It arises from the Sanskrit root √bṛh (बृह्) meaning to make big or strong, to grow, to increase, to expand, to further (and also to speak). Complex internal sandhi changes the root to 'brah'
Then it could have become brahman in two ways:
a) the suffix 'mant' is added to it, but in that case it would be brahmaan. (mant has the sense of possessing the quality of the stem that precedes it. Like Shaktimaan)
b) the suffix 'man' or 'an' have been added to it, making it a noun. This is a standard method of nominalisation in Sanskrit.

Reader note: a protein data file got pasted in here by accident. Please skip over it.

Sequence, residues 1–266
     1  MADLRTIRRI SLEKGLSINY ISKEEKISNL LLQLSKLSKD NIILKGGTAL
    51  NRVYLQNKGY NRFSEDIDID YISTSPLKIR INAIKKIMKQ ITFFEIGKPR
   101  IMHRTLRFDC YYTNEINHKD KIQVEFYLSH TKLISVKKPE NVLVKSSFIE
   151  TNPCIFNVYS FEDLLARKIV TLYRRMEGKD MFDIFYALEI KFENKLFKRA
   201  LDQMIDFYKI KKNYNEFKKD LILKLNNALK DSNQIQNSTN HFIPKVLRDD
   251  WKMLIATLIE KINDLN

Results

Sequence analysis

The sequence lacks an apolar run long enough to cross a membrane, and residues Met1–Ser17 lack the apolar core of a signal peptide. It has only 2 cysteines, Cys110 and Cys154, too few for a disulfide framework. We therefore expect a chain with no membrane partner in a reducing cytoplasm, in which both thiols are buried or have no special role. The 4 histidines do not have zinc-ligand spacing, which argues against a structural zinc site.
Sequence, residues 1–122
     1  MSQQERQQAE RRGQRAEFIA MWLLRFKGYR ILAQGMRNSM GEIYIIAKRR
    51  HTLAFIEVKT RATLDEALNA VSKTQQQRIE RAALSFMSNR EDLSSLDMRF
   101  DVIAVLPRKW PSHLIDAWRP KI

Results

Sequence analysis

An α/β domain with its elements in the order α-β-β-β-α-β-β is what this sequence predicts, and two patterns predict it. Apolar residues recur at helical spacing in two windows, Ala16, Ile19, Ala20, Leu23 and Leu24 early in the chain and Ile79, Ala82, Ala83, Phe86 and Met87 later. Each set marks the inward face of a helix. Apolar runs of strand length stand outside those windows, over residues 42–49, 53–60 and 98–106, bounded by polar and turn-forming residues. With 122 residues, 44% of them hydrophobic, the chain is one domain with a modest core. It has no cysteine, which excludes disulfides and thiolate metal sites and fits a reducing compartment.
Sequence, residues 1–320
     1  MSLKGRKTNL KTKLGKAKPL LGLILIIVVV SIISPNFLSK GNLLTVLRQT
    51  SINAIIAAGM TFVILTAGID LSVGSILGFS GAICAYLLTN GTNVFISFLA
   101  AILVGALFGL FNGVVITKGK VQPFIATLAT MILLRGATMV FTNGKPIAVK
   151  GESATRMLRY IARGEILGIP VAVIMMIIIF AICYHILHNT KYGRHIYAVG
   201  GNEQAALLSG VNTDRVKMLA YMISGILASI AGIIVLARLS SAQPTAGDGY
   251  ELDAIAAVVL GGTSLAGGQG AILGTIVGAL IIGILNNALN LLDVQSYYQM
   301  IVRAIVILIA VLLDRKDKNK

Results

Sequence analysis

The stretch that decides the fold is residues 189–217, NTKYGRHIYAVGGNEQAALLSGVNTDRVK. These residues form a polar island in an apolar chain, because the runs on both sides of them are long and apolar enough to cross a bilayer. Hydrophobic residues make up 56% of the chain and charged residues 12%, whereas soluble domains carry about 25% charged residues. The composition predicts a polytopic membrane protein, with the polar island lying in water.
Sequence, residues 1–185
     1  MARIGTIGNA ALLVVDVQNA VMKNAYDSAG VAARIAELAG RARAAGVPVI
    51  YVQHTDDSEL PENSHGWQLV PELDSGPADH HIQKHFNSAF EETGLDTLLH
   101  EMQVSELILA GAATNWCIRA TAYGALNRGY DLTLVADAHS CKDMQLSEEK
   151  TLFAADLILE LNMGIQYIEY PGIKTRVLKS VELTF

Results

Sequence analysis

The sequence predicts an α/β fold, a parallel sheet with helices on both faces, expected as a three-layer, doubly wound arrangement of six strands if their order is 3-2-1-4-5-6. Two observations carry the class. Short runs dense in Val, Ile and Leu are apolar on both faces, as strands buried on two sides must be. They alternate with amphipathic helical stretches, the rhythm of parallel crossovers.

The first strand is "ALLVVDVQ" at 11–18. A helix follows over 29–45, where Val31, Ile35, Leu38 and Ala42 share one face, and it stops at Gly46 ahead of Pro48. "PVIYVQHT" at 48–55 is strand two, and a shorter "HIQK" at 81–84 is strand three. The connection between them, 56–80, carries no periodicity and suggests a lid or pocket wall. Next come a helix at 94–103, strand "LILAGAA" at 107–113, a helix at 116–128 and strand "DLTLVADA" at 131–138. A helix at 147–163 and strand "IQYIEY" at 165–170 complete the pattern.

In both cases it is most likely that a commonly used form emerged which superseded its original grammatical form and etymological meaning by a process called Analogy*.
This analysis is speculative based on what little Sanskrit I know. I might be wrong - so It would be great some feedback if someone knows better!
* (Analogy (from Greek ἀναλογία, analogia, "proportion") is a cognitive process of transferring information or meaning from a particular subject (the analogue or source) to another particular subject (the target), and a linguistic expression corresponding to such a process.)